Beyond Wolf of Wall Street: being a minority in the financial industry
The climate? Not hostile, but not welcoming
When you think investment banking or finance: you're probably imagining Leo Di Caprio snorting cocaine and making it rain with 100 dollar bills.
While some may wish this was the case, the reality is a little bit different. I was able to take a gap year during which I worked in an asset management firm. While the experience was invaluable and I learned a huge amount, I also realised something – I was by far in the minority. It’s not my height (standing at an intimidating 5ft 2) or my age (in the 18 to 24 bracket), it was the fact I was an ethnic minority and a female.
The majority of women still work in traditionally female roles, such as marketing, sales and secretarial work. (Please infer: potentially resulting in the exclusion of worthy candidates as a result of preconceived bias and social pressures.) I only came into contact with one major female fund manager, which isn't out of the ordinary considering that, on average, less than 30% of the industry's staff are women, and below 10% of fund managers are female. While there have been changes, including targeted events to increase the number of women, they are not having immediate effect. Furthermore, shockingly only 6% of major executive roles at top firms are held by ethnic minorities, with most working in back office and IT. When considering that around 13% of Britain is not “white-british”, this is hardly even close to representative.
These figures are damaging not only to the industry's reputation and credibility, but, most of all, to its future.
This lack of representation could stem from the fact that finance and economics are historically white sectors, as the white upper-class had money beyond current consumption to invest, while labouring classes (including non-white communities) were not able to go beyond their daily needs. With allusions to the Ancient Greek philosophers, "old money" and freshly pressed Ted Baker suits, they remain a prevalent face of finance and banking. It is completely understandable that this industry retains such an elitist reputation.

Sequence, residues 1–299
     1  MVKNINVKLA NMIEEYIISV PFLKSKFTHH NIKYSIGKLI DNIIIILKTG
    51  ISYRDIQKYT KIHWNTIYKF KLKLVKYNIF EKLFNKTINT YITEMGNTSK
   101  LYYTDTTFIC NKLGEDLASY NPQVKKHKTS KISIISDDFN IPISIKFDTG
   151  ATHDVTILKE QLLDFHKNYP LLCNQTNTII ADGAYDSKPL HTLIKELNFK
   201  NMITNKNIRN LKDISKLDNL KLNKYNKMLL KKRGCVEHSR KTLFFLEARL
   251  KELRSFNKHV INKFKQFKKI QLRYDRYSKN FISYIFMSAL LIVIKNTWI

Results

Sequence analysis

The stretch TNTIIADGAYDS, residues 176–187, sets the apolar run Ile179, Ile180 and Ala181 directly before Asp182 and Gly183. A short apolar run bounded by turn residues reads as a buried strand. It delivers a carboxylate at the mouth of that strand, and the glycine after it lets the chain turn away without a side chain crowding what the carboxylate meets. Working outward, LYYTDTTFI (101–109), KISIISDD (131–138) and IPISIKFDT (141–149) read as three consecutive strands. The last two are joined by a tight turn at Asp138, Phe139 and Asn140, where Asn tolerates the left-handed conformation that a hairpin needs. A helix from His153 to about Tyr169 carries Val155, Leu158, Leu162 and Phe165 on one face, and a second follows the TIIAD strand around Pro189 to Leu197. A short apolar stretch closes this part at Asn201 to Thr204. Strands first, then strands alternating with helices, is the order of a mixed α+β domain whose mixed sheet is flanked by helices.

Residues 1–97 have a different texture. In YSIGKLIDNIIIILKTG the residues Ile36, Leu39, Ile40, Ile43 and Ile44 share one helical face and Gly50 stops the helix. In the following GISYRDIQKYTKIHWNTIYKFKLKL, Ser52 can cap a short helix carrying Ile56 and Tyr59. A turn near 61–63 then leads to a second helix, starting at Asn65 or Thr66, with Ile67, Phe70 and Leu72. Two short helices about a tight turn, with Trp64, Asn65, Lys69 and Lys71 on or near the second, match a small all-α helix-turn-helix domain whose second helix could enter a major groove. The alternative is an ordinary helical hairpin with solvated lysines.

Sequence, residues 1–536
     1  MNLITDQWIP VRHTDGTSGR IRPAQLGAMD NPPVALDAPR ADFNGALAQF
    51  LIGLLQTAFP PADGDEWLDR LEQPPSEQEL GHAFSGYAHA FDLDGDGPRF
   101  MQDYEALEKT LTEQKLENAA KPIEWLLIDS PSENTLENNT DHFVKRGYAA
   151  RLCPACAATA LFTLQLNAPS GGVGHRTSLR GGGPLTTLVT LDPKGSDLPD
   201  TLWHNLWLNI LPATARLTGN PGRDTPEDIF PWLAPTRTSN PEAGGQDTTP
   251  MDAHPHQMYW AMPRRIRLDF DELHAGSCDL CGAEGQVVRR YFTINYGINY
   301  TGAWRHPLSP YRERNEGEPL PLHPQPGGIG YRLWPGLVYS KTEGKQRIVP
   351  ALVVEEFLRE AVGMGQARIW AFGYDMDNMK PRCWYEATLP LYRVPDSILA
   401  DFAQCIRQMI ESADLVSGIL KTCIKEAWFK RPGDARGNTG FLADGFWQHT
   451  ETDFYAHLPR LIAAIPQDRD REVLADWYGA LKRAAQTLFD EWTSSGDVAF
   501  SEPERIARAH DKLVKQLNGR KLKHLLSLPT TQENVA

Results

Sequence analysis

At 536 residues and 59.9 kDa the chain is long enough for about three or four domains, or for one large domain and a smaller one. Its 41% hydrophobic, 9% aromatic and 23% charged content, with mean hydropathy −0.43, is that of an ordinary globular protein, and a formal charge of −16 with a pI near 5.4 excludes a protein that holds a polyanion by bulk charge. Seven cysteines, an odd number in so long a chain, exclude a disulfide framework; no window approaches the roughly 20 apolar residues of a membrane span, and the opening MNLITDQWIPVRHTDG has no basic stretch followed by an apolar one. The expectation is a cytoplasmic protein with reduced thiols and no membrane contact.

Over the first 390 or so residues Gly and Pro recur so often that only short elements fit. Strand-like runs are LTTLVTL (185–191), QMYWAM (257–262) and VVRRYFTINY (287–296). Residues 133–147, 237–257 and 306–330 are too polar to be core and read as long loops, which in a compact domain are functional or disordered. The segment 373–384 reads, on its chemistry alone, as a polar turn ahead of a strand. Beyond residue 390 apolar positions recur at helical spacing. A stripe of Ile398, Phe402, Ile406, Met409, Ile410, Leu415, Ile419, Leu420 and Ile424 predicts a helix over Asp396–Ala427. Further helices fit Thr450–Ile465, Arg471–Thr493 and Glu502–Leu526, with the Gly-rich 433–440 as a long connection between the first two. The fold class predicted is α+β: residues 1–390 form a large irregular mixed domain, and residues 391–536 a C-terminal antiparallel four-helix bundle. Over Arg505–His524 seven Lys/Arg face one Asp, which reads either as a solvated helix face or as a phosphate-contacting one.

Compounding this, the industry requires money and an affluent network. Events to meet top traders and CEOs often have strict guest lists – getting onto these can require a CV screen and reference. This simply perpetuates the cycle – to make connections you must already have connections. If you are not living in London, it becomes that much harder.
However, steps are being taken to aim to break this cycle. Networking events are universities are increasing access to industry professionals. Indeed, this problem of lack of minority representation cannot be solved without applicants and opportunities. If these groups (women and people of colour) do not apply, automatically we return to the same old mantra of “male, pale and stale”.